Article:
Exercises for Section 3.2.  The Cauchy-Riemann Equations

Exercise 1.  Use the Cauchy Riemann conditions to determine where the following functions are differentiable, and evaluate the derivatives at those points where they exist.

1 (a).  .
Solution 1 (a).

1 (b).  .
Solution 1 (b).

1 (c).  .
Solution 1 (c).

1 (d).  .
Solution 1 (d).

1 (e).  .
Solution 1 (e).

1 (f).  .
Solution 1 (f).

1 (g).  .
Solution 1 (g).

1 (h).  .
Solution 1 (h).

Exercise 2.  Let    be a differentiable function.

Verify the identity  .
Solution 2.

Exercise 3.  Find the constants a and b such that    is differentiable for all  z.
Solution 3.

Exercise 4.  Let  f(z)   be differentiable at the point  .

Let z approach along the ray    and use Equation (3-1) to show that Equation (3-14),   holds.
Solution 4.

Exercise 5.  Let  .

Show that both  f(z)  and  f'(z)  are differentiable for all  z.
Solution 5.

Exercise 6.  A vector field    is said to be irrotational if  .

It is said to be solenoidal if  .

If  f(z)  is an analytic function, show that    is both irrotational and solenoidal.
Solution 6.

Exercise 7.  Use any method to show that the following functions are nowhere differentiable.

7 (a).    .
Solution 7 (a).

7 (b).  .
Solution 7 (b).

Exercise 8.  Use Theorem 3.5 with regard to the following.

8 (a).  Let  ,  where  .

Show that  f(z)  is analytic in the domain indicated and that  .
Solution 8 (a).

8 (b).  Let  ,  where  .

Show that  f(z)  is analytic for ,  and find  .
Solution 8 (b).

Exercise 9.  Show that the following functions are entire (see Definition 3.2).

9 (a).  .
Solution 9 (a).

9 (b).  .
Solution 9 (b).

Exercise 10.  To prove Theorem 3.5, the polar form of the Cauchy-Riemann equations,

10 (a).  Let  .

Use the transformation    (i.e.,   and the chain rules
,    ,   and

,    ,

to prove that

,    ,   and

10 (b).  Use the original Cauchy-Riemann equations for u and v and the results of part 10 (a) to prove that

and   ,

thus verifying Equation (3-22)     and   .
Solution 10 (b).

10 (c).  Use part 10 (a) and Equations (3-14) and (3-15) to show that the right sides of Equations (3-23) and (3-24) simplify to  .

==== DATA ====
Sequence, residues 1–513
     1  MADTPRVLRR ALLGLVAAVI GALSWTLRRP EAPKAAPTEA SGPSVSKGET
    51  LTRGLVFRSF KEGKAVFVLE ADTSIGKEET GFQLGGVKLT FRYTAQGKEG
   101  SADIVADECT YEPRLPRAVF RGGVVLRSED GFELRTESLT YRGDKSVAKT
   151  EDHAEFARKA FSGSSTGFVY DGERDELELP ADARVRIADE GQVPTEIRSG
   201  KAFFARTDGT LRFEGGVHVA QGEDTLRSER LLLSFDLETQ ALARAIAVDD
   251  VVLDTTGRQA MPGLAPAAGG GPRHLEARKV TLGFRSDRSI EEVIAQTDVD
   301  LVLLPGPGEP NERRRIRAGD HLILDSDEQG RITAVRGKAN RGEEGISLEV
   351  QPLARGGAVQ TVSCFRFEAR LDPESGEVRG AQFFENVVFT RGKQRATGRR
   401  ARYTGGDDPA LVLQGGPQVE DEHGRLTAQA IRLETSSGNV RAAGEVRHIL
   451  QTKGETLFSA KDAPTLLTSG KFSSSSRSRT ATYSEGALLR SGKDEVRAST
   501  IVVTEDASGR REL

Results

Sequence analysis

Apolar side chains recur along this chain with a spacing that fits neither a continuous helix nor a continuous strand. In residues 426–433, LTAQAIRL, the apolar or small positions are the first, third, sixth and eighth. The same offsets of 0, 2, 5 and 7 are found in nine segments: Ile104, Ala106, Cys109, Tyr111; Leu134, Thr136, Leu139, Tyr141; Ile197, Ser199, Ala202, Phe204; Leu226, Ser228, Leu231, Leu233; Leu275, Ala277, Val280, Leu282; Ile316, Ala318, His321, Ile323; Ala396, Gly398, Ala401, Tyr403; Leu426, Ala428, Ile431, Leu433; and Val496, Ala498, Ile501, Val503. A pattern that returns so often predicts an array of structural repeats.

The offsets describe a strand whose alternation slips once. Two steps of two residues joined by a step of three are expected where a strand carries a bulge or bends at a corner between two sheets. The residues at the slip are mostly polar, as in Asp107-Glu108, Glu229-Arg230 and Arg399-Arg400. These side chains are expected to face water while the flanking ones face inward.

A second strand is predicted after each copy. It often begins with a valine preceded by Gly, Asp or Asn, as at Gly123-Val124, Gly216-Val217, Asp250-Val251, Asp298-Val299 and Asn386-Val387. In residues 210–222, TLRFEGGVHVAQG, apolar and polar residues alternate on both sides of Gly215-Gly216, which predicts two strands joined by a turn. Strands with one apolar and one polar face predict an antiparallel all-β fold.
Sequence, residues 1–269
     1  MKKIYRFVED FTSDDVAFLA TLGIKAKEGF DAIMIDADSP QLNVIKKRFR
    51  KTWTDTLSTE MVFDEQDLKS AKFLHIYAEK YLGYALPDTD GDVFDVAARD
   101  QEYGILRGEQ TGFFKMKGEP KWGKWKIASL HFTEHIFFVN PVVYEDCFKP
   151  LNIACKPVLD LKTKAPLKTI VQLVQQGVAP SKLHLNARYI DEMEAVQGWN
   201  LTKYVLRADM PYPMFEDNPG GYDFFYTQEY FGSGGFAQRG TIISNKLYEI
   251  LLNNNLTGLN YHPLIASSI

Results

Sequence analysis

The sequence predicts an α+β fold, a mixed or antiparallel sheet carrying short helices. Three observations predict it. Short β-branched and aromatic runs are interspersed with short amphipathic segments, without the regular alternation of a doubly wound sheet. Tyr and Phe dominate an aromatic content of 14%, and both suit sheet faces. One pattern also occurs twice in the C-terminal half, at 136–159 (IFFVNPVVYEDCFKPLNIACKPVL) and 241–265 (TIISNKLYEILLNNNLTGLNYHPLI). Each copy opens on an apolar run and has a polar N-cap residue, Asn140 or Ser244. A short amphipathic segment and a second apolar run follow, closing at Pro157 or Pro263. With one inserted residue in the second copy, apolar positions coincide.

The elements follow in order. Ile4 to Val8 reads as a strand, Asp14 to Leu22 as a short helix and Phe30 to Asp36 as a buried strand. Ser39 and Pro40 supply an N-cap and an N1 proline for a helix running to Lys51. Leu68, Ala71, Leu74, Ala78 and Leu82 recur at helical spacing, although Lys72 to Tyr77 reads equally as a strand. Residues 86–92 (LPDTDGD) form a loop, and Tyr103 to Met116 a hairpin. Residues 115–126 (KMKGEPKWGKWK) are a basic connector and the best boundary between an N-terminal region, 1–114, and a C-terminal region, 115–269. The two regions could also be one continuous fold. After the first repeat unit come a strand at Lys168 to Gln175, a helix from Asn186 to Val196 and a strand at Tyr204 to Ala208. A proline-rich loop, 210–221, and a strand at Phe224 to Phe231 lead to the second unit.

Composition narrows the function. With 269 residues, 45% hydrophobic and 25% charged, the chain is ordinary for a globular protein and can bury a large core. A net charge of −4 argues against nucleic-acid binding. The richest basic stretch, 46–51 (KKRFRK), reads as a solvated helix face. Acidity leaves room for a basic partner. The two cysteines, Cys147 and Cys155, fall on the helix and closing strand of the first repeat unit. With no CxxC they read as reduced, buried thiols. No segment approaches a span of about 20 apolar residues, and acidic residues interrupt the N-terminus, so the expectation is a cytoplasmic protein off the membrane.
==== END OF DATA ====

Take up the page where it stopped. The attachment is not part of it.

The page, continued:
Solution 10 (c).

Exercise 11.  Determine where the following functions are differentiable and where they are analytic.  Explain!

11 (a).  .
Solution 11 (a).

11 (b).  .
Solution 11 (b).

11 (c).  .
Solution 11 (c).

Exercise 12.  Let  f(z)  and  g(z)  be analytic functions in the domain D.

If    for all z in D,  then show that  ,  where C is a complex constant.
Solution 12.

Exercise 13.  Explain how the limit definition for the derivative in complex analysis and the limit definition for the derivative in calculus are different.  How are they similar?
Solution 13.

Exercise 14.  Let  f(z)  be an analytic function in the domain D.

Show that if      at all points in D,  then  f(z)  is constant in D.
Solution 14.

Exercise 15.  Let  f(z)  be a nonconstant analytic function in the domain D.

Show that the function    is not analytic in D.
Solution 15.

Exercise 16.  The complex form of the Cauchy-Riemann equations.

Recall that, for  ,  we have the substitutions     and  .

16 (a).  Temporarily, think of    as dummy symbols for variables.

With this perspective, x and y can be viewed as functions of z and .

Use the chain rule for a function    of two variables to show that

16 (b).  Now define the differentiation operator    that is suggested by the equation in part (a).

With this construct, show that if    is differentiable at  ,  then,

.

Equating real and imaginary parts thus gives the complex form of the

Cauchy-Riemann equations:  .
Solution 16 (b).

(c) 2008 John H. Mathews, Russell W. Howell